Is Neoliberalism the cause of America’s Long Decline?

By Zachary Alexander on

There are those in the Freedom First Wing of the Republican Party who like to point to the 1950’s as the best of times for the United States Economy. And many of them suggest that it is legislation like the Paycheck Fairness Act that has brought America to the brink of economic destruction. For those tasked with supporting sustainability, you may want to consider what Dr. Edwards Deming wrote in 1993.

It is hard to believe that anything is different now than in 1950. The change has been gradual, not visible week to week. We can only see the decline by looking back. [1]

This means that the long decline that Dr. Deming wrote about started about the same time as the emergence of Neoliberalism. A strong case could be made that the then new economic philosophy (i.e. Neoliberalism) was actually the cause of America’s long decline. The reason is because the Japanese and others learned to collaborate with local competitors in order to dominate industries. Americans were taught that this was a form of socialism.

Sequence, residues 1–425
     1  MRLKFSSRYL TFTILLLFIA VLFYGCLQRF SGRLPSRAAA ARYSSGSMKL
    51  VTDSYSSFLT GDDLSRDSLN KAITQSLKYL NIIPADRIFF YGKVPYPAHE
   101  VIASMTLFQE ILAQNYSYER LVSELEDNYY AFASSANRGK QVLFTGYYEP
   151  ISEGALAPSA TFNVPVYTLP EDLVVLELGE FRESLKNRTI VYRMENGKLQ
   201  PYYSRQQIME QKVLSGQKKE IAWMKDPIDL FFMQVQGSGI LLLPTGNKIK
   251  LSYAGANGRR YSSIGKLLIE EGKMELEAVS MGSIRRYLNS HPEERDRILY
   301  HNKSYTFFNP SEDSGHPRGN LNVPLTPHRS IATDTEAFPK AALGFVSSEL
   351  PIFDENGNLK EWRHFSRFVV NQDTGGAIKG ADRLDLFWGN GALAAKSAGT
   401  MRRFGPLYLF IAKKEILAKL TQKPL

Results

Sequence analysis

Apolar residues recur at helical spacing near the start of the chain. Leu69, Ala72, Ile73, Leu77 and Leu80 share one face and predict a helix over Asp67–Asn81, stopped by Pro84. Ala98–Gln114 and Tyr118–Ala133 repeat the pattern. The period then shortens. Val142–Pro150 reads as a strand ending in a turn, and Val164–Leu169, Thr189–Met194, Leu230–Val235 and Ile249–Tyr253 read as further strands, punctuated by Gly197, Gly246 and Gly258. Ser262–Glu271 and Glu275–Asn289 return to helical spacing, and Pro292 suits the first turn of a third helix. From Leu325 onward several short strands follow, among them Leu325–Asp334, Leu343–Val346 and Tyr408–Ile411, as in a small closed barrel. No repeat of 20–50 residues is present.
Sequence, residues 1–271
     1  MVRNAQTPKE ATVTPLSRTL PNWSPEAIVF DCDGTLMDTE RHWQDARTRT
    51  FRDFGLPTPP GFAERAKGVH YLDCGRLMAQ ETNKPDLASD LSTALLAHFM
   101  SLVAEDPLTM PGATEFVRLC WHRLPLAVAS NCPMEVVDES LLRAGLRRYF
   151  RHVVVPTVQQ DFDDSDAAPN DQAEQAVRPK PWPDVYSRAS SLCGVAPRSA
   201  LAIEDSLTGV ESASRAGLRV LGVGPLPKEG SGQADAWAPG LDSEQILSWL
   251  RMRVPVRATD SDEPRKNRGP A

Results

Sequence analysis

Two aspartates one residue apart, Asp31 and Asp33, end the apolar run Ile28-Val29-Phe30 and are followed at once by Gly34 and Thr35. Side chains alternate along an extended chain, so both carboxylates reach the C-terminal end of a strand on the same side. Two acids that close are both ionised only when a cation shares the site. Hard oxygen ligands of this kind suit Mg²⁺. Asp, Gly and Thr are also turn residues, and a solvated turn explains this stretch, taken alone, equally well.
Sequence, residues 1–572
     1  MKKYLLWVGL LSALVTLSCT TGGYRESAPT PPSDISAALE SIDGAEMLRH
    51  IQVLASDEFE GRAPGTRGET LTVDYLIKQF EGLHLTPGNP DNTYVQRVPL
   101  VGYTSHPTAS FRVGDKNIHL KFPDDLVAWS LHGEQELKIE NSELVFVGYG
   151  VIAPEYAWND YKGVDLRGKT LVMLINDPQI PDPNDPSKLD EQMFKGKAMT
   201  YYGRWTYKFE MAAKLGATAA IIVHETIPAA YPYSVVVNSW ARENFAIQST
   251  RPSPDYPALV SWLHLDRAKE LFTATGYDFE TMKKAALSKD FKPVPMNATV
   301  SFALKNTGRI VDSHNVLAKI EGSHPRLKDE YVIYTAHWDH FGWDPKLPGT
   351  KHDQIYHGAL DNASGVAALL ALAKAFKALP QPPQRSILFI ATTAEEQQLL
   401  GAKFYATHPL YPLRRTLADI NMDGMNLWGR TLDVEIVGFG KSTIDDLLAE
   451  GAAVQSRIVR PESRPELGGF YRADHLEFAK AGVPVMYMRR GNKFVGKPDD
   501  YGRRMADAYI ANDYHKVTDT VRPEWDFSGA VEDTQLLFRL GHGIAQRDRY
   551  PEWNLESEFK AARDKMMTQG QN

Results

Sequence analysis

Neoliberalism as an economic philosophy has become so ingrained that there is tacit acceptance by many prominent Democrats. And a lot of these very serious people think that this is only way business can legitimately be done. It is in this business environment that a broader discussion of Post-Globalism is need to stop the long decline.  A frank conversation is warranted, which respects the talents of all people and at a minimum the right to fair pay.

America can no longer afford to ignore the fact that businesses have a higher rate of success when women participate at all levels of the decision making process. This is an all hands on deck moment in time. And some Democrats must remember why President Barack Obama was elected in 2008. Others must be reminded that neither evolution nor creative destruction take prisoners. They must be out run, out worked, and out innovated.

Zachary Alexander

[1] Edwards, D. The New Economics for Industry, Government, Education